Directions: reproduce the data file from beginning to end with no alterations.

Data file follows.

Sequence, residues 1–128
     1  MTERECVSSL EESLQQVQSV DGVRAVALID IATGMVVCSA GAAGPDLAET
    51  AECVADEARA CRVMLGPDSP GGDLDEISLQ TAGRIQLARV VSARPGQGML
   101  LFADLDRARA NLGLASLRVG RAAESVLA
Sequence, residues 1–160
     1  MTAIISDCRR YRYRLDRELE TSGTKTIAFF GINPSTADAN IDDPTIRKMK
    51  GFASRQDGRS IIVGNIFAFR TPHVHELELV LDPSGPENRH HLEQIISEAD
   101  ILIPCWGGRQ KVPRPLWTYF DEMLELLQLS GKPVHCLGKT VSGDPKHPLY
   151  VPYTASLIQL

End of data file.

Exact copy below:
Sequence, residues 1–128
     1  MTERECVSSL EESLQQVQSV DGVRAVALID IATGMVVCSA GAAGPDLAET
    51  AECVADEARA CRVMLGPDSP GGDLDEISLQ TAGRIQLARV VSARPGQGML
   101  LFADLDRARA NLGLASLRVG RAAESVLA
Sequence, residues 1–160
     1  MTAIISDCRR YRYRLDRELE TSGTKTIAFF GINPSTADAN IDDPTIRKMK
    51  GFASRQDGRS IIVGNIFAFR TPHVHELELV LDPSGPENRH HLEQIISEAD
   101  ILIPCWGGRQ KVPRPLWTYF DEMLELLQLS GKPVHCLGKT VSGDPKHPLY
   151  VPYTASLIQL